The Stockholm Observatory (Swedish: Stockholms observatorium) is an astronomical institution in Stockholm, Sweden, founded in the 18th century and today part of Stockholm University. Its history is connected to two actual historical observatory complexes in the Stockholm area.

The first observatory was established by the Royal Swedish Academy of Sciences on the initiative of its secretary Per Elvius. Construction, according to designs by the architect Carl Hårleman, was begun in 1748, and the building was completed in 1753. It is situated on a hill in a park nowadays named Observatorielunden. The first head of the observatory was Pehr Wilhelm Wargentin. Later heads of the observatory include Hugo Gyldén and Bertil Lindblad. This 18th century observatory today functions as a museum. 59°20′30″N 18°03′17″E / 59.34167°N 18.05472°E / 59.34167; 18.05472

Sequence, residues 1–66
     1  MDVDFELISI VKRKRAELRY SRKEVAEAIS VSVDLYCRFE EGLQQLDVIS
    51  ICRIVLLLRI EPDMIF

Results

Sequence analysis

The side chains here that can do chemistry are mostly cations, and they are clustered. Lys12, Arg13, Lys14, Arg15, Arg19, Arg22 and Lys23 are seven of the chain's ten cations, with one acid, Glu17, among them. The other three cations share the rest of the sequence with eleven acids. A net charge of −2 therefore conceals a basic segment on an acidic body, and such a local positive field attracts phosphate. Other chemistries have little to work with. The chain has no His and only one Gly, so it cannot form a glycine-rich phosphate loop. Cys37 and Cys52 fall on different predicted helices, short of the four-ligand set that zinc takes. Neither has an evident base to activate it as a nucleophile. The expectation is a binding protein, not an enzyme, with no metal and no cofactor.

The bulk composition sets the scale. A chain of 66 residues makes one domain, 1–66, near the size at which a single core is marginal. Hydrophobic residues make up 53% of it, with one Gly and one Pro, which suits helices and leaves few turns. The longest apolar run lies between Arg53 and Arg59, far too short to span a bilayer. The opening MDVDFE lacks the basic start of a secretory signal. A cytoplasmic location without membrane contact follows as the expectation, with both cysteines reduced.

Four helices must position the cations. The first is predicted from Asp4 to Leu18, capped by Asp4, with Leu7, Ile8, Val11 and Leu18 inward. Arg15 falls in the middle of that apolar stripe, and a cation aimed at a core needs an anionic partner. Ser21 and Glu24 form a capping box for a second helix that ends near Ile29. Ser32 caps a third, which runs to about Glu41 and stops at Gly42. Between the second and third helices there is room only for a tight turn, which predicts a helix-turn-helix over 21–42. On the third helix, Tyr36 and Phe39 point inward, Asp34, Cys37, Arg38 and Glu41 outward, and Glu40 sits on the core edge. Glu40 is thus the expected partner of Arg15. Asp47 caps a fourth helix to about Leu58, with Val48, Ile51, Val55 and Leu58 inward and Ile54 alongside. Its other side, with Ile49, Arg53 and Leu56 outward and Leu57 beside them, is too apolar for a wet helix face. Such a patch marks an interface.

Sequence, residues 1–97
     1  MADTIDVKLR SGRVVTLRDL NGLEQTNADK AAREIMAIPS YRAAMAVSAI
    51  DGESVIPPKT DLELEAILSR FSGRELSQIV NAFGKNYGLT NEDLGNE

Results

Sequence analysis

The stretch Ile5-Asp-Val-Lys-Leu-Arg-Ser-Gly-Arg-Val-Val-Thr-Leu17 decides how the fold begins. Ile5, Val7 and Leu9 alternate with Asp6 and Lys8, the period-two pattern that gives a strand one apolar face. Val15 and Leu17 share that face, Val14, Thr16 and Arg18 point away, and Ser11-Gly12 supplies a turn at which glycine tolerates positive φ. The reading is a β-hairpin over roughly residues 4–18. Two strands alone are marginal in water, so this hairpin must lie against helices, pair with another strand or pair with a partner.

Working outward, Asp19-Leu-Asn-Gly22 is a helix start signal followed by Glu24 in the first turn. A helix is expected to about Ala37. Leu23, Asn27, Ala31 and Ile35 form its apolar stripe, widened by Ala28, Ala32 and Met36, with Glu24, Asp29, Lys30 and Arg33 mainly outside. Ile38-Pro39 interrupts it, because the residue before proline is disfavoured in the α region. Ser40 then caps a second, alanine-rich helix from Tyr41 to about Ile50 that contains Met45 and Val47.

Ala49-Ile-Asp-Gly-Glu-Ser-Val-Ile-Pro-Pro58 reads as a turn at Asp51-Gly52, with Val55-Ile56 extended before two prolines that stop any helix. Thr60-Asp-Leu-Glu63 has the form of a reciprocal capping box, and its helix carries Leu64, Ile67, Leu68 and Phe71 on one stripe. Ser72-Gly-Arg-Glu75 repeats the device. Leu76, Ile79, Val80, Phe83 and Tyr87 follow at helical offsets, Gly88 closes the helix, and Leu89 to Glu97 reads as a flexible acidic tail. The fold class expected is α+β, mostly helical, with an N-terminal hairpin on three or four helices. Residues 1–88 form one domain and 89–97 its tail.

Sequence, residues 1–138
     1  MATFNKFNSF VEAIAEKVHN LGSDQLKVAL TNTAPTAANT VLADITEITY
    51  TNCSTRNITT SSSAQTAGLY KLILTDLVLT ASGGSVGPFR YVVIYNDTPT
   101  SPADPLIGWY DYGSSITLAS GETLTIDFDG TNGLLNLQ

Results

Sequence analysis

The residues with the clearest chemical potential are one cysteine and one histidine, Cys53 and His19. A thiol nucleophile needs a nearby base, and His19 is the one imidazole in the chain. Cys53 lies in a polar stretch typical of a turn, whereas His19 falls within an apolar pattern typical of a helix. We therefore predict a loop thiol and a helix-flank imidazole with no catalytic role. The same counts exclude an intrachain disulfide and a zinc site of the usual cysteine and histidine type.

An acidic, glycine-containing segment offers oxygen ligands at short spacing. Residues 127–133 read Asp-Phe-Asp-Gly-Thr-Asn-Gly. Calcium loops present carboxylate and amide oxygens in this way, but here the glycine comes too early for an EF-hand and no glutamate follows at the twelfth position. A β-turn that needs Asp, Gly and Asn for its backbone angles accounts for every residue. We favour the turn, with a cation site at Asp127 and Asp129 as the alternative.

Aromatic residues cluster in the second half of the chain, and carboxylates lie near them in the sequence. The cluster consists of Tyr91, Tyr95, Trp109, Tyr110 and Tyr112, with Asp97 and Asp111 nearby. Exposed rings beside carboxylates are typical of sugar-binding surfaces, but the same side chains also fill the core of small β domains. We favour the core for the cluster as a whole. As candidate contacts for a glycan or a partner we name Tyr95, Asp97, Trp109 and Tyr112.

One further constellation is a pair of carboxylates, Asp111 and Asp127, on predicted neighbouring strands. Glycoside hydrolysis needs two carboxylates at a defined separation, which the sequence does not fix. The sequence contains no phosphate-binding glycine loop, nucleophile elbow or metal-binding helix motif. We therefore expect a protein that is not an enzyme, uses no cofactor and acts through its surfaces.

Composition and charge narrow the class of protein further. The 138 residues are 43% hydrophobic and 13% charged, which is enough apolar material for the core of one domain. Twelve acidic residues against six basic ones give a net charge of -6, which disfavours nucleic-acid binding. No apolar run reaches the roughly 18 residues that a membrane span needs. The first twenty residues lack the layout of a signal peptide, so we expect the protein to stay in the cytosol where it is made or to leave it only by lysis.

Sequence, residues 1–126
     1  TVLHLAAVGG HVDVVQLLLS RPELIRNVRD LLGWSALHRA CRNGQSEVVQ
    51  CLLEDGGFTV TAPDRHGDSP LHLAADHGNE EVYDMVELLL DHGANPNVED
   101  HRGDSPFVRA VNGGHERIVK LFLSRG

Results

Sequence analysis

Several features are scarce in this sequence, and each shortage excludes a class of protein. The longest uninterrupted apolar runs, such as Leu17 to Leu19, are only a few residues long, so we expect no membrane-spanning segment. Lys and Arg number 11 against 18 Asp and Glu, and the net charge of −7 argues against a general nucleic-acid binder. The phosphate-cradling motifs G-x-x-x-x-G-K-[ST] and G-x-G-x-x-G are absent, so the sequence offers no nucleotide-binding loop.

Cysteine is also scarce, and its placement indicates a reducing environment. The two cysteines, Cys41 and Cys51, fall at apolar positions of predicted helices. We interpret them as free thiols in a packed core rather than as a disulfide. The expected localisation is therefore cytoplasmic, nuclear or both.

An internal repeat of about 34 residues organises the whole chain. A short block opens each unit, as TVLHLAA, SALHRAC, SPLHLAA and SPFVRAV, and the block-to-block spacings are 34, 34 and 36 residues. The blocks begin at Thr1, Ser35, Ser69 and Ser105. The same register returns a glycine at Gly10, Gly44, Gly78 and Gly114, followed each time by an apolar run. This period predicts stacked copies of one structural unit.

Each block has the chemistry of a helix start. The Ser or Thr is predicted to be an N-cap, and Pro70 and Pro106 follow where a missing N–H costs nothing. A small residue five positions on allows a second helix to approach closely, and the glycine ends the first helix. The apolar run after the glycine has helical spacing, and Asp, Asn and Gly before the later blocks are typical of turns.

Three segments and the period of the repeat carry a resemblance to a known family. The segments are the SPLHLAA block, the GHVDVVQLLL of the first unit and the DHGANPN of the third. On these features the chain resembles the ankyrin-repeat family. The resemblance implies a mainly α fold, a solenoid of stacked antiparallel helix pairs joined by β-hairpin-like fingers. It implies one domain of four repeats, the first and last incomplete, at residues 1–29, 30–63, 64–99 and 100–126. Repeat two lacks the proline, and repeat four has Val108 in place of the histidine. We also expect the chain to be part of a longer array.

A newer observatory was built in Saltsjöbaden outside Stockholm and completed in 1931 (the architect this time being Axel Anderberg). 59°16′18″N 18°18′30″E / 59.27167°N 18.30833°E / 59.27167; 18.30833 More recent astronomical observations, however, are almost exclusively being done in observatories outside Sweden and closer to the equator.

The research institute was transferred from the Academy to the university in 1973 and is since 2001 housed in the AlbaNova University Centre.

The young Hjalmar Branting, later the first social democratic prime minister of Sweden, was employed as a mathematics assistant at the Stockholm Observatory 1879-1880 and 1882-1883.